When they are known, the five aggregates stand with root cut off. Shame be on you, miserable old age! There is now no renewed existence. [William Pruitt tr.]
I know the five impersonal things
That make up a person,
They may still stand, but their roots are cut.
The calamity now is for miserable old age itself:
I will not be reborn again.
[Charles Hallisey tr.]
The five aggregates, comprehended,
stand like a tree with its root cut through.
I spit on old age.
There is now no further becoming.
Can anyone explain tavatthu in this verse, thig5.8 ?
Dhammadharini is working through the therigatha this vassa. We can’t publicize our shared google docs without violating copyrights, but if anyone wants to join our little study group, we can give access.
Thank you Bhante, I will privately share the link for our therigatha study group… it is quite rough, not as polished as what we were doing with Dhammapada. We are just trying to pronounce one gatha per day with a few translations & the background story, look up the word meanings, and discuss. Not enough time to do a complete gloss or attempt original translation. In our style of glossing, I guess dhī tavatthu would be analyzed as dhī tava-atthu : shame! INDEC. for you DAT.2SG. be! IMPERAT.3SG.
They’re not feminine, but masculine (or neuter) nominative plural. It’s common to express these countries in plural, as they refer to the “peoples”, lit. “the Magadhans, the Angans …” (eg AN 3.70: aṅgānaṃ, magadhānaṃ, kāsīnaṃ …). See comm here: ye ime aṅgā ca magadhā …
This is a passive sentence, for which see Warder ch. 7. The sense requires the addition of mayā “by me”, supplied by the commentary and by Norman in his translation. The past participle ciṇṇa is (like an adjective) declined to agree with the “peoples”. Literally:
Ciṇṇā aṅgā ca magadhā,
[By me] have been wandered the Angans and Magadhans, vajjī kāsī ca kosalā;
the Vajjīs, Kāsīs, and Kosalans.
Bhante, you are very welcome to comment on mistakes in Dhammadharini’s Therigata file. Please forgive our very rough first pass. It is such a boon to have an expert Pali consultant that I am willing to continue asking dumb questions.
Following up on Ayya Sobhana’s welcome - @sujato :
Bhante, use of the comment feature in Google docs works well. If you highlight a word or section then click on the comment icon in the upper right next to SHARE, there will be the word and icon for ‘Comment’ at the upper right in the popup box. This will bring up a place to type the comment. Ayya Sobhana and other participants who wish to see comments will then get an email notification that comments were entered. Just typing in the doc, does not create the email alert. If you wish to add larger blocks of text or images to the doc then adding a comment linked to the start of the addition is useful, as this will create the email alert.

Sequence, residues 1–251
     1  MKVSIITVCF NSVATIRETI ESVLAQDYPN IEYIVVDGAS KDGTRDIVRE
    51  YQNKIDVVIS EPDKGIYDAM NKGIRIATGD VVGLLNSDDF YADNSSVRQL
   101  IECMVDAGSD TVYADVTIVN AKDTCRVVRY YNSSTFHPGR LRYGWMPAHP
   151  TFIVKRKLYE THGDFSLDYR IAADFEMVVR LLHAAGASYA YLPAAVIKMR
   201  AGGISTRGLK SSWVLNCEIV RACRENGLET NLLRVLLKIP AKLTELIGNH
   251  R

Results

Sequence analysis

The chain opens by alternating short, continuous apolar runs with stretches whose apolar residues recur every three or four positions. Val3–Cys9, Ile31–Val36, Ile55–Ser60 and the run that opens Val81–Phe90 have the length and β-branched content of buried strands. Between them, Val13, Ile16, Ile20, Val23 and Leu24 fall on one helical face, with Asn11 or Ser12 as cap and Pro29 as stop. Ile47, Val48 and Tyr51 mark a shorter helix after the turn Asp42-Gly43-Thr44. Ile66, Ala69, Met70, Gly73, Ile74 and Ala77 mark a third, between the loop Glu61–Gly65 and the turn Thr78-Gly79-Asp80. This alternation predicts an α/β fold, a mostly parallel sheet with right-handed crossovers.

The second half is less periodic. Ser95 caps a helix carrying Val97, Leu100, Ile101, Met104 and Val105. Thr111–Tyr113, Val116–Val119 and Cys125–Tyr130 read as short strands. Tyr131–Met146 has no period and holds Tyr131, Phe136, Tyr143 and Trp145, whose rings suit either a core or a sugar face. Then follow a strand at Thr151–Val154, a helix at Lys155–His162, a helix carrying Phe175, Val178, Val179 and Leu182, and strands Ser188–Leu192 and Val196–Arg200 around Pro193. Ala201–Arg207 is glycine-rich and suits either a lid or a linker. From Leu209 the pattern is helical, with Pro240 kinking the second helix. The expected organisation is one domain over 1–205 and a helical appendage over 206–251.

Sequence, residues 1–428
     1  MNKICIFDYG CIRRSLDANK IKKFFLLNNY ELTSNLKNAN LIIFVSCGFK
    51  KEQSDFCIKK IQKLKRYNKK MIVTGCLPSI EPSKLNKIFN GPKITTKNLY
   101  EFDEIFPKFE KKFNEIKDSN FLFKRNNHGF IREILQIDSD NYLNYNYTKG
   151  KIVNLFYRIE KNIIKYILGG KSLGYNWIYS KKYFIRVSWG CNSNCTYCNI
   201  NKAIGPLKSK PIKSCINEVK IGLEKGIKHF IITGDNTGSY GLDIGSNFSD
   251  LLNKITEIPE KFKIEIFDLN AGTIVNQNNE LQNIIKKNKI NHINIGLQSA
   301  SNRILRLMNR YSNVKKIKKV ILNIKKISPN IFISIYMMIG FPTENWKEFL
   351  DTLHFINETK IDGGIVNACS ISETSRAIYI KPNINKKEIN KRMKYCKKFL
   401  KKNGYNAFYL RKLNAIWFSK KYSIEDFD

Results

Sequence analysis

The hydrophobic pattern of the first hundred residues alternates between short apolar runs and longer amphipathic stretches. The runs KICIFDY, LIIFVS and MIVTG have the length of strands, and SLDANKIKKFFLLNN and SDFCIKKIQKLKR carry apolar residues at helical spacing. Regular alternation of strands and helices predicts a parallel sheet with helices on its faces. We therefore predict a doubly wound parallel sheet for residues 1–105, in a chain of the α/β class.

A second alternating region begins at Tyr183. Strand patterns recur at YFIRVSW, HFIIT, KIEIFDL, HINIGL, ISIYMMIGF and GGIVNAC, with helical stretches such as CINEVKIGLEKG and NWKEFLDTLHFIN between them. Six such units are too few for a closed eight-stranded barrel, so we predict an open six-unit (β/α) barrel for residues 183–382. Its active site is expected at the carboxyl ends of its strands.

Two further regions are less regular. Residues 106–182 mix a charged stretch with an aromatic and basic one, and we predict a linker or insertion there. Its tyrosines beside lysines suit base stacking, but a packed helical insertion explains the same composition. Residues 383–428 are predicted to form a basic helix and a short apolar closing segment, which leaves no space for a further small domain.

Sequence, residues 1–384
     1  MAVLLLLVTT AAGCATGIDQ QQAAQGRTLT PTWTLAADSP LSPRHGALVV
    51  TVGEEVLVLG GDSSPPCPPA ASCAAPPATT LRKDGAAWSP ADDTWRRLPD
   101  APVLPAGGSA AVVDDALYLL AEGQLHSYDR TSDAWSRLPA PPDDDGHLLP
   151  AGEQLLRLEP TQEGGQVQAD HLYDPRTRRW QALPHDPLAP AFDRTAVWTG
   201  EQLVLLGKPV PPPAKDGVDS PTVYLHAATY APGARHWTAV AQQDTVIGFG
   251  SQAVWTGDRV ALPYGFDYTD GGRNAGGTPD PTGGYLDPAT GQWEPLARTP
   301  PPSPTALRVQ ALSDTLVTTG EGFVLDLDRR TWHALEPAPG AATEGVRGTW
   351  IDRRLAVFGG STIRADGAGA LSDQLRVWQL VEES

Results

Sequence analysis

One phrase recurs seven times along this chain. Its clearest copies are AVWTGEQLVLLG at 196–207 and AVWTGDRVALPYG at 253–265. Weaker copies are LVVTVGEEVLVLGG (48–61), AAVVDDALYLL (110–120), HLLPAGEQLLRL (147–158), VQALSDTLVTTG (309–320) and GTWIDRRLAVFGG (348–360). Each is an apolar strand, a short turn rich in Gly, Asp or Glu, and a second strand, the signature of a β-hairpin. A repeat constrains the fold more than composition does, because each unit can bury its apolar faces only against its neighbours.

Example: I just pasted your suggestion for Muttā’s verse in the doc for Ekakanipāto and added a comment with the link to the D&D thread on that topic.
Okay, excellent, thanks. I have just started, and there is only one major issue I’ve spotted so far.
In Thig 1.10, the first line:
Upasame tare oghaṃ,
Tare is third person optative singular, “you should cross”. It’s common in verse for the usual -eyya ending to be abbreviated in this way.
But generally, it’s a great project and very helpful. One thing that I’d appreciate seeing some more of is any notes or thoughts that you have on the verses. Why certain readings are preferred, or the sense that you’re trying to convey through your choices.
Also, just so you know, I am making notes on Pootle as i go. Most of these are fairly minor points, but they do indicate the choices that I make. Usually if there’s anything of general interest I’ll make a little post here on Discourse, and if it’s more of a technical note I’ll just leave it on Pootle for now.
Satimatī cakkhumatī bhikkhunī bhāvitindriyā …
Possessed of mindfulness, possessed of vision, a bhikkhunī with developed faculties … Thig 7.3 v. 189.
There is no feminine declension of nouns ending in -ant, in our favorite pali noun declension table, the one by Bhikkhu Ñāṇatusita c 2005. But there is a good explanation of feminine gender adjectives in V. Perniola’s Pali Grammar. §38 p. 45ff. Learning feminine forms is one pleasant way the Therigatha makes us step up our Pali.
Thank you for your translations Ayya.
For fem -ant, if you have access to Gair & Karunatillake, you can see this listed on page 70 (sec. 2.3)
“The feminine is formed by adding -i- to either the -vant (-mant) or the -vat- (-mat-) stem… This then takes the same endings as a regular feminine noun in -i-.”